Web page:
If you have smoke inhalation symptoms and they persist, Pinkerton suggests getting medical attention.
“Air with elevated quantities of fine particulate matter, such as smoke, has an overall negative health effect on everyone,” said Dr. Matthew Wonnacott, chief medical officer at Barton Health. “Poor air quality generally worsens underlying health conditions, especially for those with respiratory or cardiovascular diseases.”
While older adults, pregnant women, children and individuals with pre-existing heart and respiratory conditions are most at risk for getting sick from wildfire smoke, young healthy individuals are also at risk.
Nancy Williams, El Dorado County health officer, said that the more exposure someone has to smoke, the more damage that can occur to the lungs and all people should take precautions.
“People with COPD, asthma or an active infection may find themselves in a worse situation,” Williams said. “It’s important to protect ourselves.”
Not only is the smoke causing physical symptoms, but Wonnacott says that it could potentially affect mental health as well.
“Smoke may increase the development or progression of many mental health disorders, including anxiety, depressed mood, bipolar disorder, and psychosis,” he said.
While it’s unknown if smoke causes more susceptibility to contracting COVID-19, Wonnacott says, “Air pollution and smoke cause an inflammatory response in the body’s airway, and COVID-19 has been shown to increase inflammation as well.”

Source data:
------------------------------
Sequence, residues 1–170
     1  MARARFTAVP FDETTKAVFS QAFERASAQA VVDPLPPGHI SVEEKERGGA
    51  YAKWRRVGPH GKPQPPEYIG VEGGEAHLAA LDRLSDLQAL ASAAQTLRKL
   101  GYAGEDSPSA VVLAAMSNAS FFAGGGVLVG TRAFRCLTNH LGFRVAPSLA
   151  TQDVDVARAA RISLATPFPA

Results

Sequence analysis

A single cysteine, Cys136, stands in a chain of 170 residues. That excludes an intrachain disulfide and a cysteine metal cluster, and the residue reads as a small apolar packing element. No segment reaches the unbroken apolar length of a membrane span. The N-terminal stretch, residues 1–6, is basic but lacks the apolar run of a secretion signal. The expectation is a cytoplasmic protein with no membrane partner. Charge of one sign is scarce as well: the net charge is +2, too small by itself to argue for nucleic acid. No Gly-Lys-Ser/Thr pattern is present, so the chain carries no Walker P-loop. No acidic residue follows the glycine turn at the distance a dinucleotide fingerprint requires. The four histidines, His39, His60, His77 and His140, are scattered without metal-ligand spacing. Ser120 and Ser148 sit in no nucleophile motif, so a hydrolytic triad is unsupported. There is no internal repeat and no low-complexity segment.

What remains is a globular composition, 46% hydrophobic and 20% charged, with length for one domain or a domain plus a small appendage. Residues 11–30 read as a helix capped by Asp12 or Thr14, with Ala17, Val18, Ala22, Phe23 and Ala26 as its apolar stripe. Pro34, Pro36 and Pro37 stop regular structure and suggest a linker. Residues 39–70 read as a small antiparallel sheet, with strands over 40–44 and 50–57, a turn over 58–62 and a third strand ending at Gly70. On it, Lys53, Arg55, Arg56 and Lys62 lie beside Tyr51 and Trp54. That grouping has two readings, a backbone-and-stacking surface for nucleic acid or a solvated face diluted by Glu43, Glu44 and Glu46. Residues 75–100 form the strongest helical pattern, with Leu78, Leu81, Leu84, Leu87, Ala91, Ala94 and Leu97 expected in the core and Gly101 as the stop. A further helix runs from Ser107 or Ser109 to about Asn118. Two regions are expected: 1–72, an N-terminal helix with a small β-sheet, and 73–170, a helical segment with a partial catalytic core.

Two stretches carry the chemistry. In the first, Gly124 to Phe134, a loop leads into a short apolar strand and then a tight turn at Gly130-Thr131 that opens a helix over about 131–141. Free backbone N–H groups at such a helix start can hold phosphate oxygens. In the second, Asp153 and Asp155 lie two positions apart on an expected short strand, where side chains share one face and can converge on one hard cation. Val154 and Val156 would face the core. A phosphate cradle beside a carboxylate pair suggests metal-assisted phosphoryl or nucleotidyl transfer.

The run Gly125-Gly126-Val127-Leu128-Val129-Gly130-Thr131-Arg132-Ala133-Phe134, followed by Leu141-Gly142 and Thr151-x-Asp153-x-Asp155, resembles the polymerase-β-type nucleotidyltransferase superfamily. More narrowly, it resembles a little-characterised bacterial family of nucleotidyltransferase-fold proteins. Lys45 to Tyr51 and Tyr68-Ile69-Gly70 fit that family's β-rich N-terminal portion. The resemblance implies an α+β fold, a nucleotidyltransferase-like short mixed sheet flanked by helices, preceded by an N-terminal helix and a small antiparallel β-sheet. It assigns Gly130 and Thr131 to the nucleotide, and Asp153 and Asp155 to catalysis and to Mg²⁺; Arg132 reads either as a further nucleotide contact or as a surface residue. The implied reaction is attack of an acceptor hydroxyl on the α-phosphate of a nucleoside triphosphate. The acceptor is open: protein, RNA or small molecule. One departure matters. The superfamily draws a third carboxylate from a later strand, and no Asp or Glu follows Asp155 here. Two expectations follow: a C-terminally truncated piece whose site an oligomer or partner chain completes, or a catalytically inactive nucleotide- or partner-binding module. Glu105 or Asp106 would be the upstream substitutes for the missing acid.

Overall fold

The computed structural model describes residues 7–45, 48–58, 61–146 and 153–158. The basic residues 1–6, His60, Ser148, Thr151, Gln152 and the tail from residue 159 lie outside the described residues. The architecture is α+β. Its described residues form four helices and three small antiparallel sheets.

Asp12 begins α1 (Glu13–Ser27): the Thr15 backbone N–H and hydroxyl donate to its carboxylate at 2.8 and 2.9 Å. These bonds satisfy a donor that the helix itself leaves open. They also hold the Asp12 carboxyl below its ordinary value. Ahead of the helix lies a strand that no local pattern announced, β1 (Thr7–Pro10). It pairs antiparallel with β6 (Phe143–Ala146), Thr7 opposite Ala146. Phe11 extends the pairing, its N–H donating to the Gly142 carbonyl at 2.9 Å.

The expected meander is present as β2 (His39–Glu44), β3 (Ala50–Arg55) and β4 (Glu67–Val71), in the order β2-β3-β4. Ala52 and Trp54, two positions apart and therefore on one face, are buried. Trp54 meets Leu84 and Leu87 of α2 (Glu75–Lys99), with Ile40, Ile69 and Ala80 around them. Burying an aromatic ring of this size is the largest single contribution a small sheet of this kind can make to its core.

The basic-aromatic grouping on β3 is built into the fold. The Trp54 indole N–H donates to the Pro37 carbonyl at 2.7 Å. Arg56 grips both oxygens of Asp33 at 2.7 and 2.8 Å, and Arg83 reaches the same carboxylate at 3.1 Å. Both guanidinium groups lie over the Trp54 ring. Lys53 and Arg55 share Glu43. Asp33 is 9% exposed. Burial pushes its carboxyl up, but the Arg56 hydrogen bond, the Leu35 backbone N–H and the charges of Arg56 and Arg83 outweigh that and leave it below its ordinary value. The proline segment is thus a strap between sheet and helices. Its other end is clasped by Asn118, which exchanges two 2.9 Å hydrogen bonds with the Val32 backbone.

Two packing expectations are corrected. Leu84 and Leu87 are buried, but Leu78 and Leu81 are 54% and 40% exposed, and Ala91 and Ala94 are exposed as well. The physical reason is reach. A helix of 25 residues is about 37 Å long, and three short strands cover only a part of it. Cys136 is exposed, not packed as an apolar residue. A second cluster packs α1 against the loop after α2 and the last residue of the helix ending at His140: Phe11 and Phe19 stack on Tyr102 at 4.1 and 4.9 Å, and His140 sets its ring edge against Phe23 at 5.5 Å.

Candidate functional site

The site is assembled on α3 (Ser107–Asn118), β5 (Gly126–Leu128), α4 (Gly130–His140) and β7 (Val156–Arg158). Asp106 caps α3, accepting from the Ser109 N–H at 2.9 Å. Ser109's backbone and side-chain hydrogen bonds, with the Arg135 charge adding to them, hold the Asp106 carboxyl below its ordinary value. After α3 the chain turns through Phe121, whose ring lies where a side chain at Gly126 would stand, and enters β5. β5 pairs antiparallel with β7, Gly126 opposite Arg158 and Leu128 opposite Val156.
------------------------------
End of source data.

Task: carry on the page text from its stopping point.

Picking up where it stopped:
According to the Center for Disease Control, wildfire smoke can make the body more prone to lung infections due to irritation and inflammation of the lungs while also affecting the body’s immune system. Lung infections include SARS-CoV-2 which is the same virus that causes COVID-19.
“While it’s unknown if air quality increases susceptibility to getting COVID, we know patient health outcomes worsened by the virus can be impacted by other respiratory stressors such as poor air quality,” Wonnacott said.
Not only is poor air quality bad for humans, but pets as well.
Neil Powell, Blue Lake Animal Care Center veterinarian, says that smoke definitely affects pets.
“I definitely recommend pets, especially older or sensitive pets, or those with underlying respiratory conditions, avoid being outside excessively during high smoke/ash conditions,” Powell said.